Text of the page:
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Jaime Harrison said he was chosen for the next DNC ​​chairman

President-elect Joseph R. Biden Jr. plans to name Jaime Harrison as his choice to lead the Democratic National Committee, as part of an effort to strengthen the committee ahead of what is already expected to be midterm elections for the gone, according to two of those familiar with the selection.

Former chairman of the South Carolina Democratic Party, Mr Harrison became a national political star last year by breaking fundraising records in his race against re-elected Senator Lindsey Graham. While Mr Harrison lost in November, garnering 44 percent of the vote to Mr Graham’s 55 percent, he developed a broad bench of support across the party.

He is also well known to DNC staff and members, due to his work as the head of the South Carolina state party and his failed bid for the committee chair in 2017 (Tom Perez, Past President of the DNC, won that race.) Mr. Harrison was defended by Rep. Jim Clyburn of South Carolina, an influential ally of Biden who helped the president-elect win the main race in the state of origin of Mr. Clyburn. Mr Perez has chosen not to run for a second term.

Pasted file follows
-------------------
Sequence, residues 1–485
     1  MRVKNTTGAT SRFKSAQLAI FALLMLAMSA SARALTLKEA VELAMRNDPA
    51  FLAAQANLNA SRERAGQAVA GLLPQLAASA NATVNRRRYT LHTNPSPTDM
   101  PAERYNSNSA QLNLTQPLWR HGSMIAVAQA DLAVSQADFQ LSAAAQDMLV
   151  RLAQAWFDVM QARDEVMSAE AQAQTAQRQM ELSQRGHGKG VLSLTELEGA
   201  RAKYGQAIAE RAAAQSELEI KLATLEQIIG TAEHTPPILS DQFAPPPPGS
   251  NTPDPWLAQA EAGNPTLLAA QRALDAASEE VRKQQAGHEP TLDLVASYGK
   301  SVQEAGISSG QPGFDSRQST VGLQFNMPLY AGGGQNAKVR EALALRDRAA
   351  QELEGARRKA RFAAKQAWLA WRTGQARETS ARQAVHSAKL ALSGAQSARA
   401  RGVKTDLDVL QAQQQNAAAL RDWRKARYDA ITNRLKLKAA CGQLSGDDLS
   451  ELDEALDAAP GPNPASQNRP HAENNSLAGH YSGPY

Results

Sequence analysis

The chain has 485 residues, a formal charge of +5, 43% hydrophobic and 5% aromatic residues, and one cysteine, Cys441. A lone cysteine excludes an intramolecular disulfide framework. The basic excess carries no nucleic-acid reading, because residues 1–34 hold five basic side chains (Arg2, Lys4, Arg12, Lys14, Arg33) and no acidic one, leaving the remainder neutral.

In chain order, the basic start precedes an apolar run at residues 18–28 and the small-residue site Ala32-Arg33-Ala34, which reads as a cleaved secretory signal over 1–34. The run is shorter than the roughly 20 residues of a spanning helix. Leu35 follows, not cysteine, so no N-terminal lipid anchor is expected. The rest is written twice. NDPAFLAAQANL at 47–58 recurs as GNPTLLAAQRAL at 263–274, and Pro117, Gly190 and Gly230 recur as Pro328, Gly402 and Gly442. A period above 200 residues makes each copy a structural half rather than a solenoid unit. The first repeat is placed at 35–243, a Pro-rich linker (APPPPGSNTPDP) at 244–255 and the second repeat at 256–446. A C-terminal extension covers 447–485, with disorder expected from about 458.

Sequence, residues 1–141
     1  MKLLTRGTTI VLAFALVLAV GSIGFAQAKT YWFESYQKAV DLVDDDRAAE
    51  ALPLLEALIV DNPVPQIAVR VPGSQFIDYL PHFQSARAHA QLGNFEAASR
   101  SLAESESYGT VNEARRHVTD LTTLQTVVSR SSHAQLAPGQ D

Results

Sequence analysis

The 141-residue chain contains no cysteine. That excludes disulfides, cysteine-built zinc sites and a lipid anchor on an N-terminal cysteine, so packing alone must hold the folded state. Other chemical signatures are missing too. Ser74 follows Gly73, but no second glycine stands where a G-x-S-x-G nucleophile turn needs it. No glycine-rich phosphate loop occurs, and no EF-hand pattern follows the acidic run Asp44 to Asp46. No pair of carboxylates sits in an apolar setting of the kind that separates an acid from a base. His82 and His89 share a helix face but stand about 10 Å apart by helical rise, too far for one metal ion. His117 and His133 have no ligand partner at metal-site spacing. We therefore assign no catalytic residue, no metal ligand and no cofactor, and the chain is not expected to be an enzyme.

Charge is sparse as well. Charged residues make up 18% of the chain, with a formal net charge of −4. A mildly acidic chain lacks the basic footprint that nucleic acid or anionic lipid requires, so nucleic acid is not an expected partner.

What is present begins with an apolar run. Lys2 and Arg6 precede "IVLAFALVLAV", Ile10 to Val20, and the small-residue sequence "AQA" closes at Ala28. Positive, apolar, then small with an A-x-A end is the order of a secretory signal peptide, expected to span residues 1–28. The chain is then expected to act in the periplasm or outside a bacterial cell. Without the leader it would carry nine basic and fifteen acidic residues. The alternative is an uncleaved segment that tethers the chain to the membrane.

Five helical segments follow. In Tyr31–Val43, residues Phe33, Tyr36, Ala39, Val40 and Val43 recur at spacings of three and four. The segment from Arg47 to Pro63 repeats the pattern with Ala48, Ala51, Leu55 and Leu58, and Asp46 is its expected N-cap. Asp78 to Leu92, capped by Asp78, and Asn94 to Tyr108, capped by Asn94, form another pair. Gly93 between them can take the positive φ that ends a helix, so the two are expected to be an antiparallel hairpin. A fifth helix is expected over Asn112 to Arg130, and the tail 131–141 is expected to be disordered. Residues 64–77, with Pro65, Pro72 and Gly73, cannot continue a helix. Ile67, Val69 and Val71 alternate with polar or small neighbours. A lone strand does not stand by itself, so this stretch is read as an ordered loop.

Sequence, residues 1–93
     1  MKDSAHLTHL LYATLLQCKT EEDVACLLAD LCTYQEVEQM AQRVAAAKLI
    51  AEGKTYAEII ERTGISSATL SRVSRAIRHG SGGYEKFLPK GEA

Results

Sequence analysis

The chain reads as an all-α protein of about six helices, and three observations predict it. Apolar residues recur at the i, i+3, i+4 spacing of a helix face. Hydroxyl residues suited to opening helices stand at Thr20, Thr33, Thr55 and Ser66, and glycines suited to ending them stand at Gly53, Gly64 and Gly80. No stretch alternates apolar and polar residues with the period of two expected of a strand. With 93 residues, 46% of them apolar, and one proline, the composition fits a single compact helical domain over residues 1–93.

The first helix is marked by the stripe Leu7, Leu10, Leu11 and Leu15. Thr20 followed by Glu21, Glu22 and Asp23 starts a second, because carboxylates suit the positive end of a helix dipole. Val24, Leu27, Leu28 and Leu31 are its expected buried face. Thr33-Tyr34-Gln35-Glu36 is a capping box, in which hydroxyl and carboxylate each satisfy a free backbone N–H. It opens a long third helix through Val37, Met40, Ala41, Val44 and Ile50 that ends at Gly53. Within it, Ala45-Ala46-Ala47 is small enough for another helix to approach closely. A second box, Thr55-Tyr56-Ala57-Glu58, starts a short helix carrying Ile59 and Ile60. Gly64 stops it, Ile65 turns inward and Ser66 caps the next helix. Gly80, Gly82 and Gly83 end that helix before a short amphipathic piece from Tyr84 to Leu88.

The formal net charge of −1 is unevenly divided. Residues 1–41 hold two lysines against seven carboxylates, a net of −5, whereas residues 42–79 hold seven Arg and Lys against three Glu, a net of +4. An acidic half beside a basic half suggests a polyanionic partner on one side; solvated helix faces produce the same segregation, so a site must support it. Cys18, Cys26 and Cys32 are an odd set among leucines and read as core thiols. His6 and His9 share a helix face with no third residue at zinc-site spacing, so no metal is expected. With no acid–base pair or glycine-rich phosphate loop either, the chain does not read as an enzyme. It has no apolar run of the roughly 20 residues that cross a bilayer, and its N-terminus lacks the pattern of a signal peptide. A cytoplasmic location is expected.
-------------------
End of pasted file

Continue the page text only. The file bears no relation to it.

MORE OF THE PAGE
New presidents traditionally take control of party committees, installing their own president and employees. Former President Barack Obama has chosen to try to establish his own political operation outside of the committee, a move that many DNC members say has damaged state parties and led to years of dysfunction at the national level.

Far more institutionalist of the party, Biden has promised to rebuild state parties and deepen investments in the committee.

The focus on the party’s national committee comes as Democrats attempt to navigate a deeply uncertain political landscape. Even before the attack on the U.S. Capitol clouded U.S. policy, Democrats anticipated tough midterm races in the House and Senate in 2022 and the lingering possibility that Mr. Biden – who will become the longest-serving president of the United States. US history Wednesday – decides not to run for second term.